We're All in Hypocrite Hell
Busted Knuckles, aka the Ornery Bastard is just wrapping up a flame war with a gun-toting liberal who threatened to blow his head off for dissing Michael Moore.
Such trolls put me in mind of that South American mercenary in Commando who brags about how slitting a little girl's throat with a survival knife is like cutting warm butter. After being told to shut the fuck up, the bad guy then confides to his employer, "I laugh at your soldiers when they try to talk tough."
Given my Navy SEAL experience and the things I was forced to do for flag and country, I can afford to laugh at BK's troll, too.
But that's not what I'm here to talk about.
As alluded to earlier, the whole brouhaha began when Busted Knuckles took Michael Moore to task for being "a hypocritical fuck." You can't say BK doesn't have a point. The whole premise of Moore's first documentary, Roger & Me, is based on a lie. Moore did, in fact, meet with Roger Smith, then head of GM. In fact, he met with him several times offcamera. The infamous rifle scene at the bank in his native Michigan is also misleading, making the viewer think the bank kept loaded guns in their vault when, in fact, they were delivered after the account was established. In Fahrenheit 9/11, in my mind still the best political documentary ever made, Moore railed about Halliburton while simultaneously owning Halliburton stock (which was immediately dumped when right wing bloggers and loud, sweaty, bug-eyed conspiracy theorists like Alex Jones turned up that little gem).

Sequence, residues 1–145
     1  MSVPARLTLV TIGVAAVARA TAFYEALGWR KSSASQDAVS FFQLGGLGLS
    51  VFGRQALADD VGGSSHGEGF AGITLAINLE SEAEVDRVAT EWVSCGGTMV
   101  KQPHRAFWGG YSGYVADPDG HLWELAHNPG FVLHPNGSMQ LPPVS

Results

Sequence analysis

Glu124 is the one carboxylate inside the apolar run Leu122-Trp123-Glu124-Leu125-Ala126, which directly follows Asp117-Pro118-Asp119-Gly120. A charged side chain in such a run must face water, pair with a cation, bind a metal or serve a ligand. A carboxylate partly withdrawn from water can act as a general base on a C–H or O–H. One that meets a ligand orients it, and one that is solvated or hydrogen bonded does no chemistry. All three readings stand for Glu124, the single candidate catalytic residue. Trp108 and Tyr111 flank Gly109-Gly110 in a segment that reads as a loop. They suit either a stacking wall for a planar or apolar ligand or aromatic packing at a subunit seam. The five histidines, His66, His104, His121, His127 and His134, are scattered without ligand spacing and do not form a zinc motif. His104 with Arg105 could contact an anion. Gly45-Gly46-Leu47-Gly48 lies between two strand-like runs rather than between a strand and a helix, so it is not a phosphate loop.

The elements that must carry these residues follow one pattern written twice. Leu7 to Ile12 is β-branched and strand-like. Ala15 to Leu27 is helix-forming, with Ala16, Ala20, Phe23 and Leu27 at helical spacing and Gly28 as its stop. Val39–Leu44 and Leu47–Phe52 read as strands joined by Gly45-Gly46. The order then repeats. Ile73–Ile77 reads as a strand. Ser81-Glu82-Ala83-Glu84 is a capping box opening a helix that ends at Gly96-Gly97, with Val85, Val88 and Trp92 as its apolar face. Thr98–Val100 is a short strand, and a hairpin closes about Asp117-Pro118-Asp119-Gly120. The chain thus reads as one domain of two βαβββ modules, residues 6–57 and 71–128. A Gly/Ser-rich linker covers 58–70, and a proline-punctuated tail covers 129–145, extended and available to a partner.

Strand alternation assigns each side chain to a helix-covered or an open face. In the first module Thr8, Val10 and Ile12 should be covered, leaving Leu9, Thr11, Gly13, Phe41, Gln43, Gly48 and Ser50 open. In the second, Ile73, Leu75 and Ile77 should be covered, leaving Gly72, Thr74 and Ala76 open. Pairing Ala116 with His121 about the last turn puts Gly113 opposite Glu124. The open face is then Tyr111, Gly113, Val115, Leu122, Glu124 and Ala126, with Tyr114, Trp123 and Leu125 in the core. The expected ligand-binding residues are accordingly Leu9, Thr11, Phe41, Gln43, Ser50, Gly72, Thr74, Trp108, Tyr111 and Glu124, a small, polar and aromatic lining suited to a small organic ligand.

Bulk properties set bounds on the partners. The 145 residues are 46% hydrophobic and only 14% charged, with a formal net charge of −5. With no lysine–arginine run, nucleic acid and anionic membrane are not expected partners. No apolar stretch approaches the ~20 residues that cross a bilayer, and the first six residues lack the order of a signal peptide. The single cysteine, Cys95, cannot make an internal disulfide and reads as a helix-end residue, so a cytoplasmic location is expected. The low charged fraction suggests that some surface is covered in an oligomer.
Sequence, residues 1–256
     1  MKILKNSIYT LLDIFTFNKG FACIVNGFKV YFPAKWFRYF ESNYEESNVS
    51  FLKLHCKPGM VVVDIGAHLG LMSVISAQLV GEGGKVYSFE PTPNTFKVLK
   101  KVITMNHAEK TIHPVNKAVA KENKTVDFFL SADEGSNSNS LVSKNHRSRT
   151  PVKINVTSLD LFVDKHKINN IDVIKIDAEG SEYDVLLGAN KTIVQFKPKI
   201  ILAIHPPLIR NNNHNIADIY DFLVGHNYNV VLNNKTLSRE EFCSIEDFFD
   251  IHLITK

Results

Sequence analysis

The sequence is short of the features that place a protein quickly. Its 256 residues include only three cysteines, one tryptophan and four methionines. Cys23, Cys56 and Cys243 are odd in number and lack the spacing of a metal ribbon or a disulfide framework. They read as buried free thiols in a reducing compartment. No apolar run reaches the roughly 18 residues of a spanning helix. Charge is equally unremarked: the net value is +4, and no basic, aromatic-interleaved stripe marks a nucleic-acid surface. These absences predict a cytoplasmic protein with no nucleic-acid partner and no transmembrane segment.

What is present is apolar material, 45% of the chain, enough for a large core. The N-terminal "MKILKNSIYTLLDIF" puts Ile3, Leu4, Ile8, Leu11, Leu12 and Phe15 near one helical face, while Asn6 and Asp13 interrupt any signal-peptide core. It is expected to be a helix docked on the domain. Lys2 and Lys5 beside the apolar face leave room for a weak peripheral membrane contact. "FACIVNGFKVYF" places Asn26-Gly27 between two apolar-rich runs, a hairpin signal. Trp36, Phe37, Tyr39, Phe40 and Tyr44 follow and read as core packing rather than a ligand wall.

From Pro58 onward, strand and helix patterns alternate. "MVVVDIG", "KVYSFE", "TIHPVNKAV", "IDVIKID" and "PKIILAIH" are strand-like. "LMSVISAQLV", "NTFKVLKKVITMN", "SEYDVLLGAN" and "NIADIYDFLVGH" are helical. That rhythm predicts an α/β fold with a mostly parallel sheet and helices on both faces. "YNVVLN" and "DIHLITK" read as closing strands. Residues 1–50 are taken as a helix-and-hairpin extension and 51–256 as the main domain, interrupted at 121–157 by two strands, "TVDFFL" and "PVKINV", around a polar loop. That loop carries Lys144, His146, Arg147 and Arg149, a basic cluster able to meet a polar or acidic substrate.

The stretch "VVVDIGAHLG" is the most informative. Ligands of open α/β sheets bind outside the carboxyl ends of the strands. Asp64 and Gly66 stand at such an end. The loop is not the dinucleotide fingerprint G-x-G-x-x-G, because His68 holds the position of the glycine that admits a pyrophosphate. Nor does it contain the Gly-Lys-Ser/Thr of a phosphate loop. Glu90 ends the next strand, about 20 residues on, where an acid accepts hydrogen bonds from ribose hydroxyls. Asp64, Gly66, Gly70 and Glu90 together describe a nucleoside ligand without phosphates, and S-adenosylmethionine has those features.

He is a self-publicizing whore where even philanthropy is cynically looked upon as an investment. It was a damned nice thing for Michael Moore to pay for the medical care of the spouse of his biggest online enemy but a damned low thing to announce it at the end of SiCKO. His hare-brained and dangerous stunt of chartering a boat and taking Americans on the outskirts of Guantanamo Bay could've gotten himself and his charges killed.
His self-aggrandizing stunts at the front doors of some of our most evil corporations are, while beloved of liberals everywhere, carefully edited and choreographed stunts that are short-lived and ultimately self-defeating.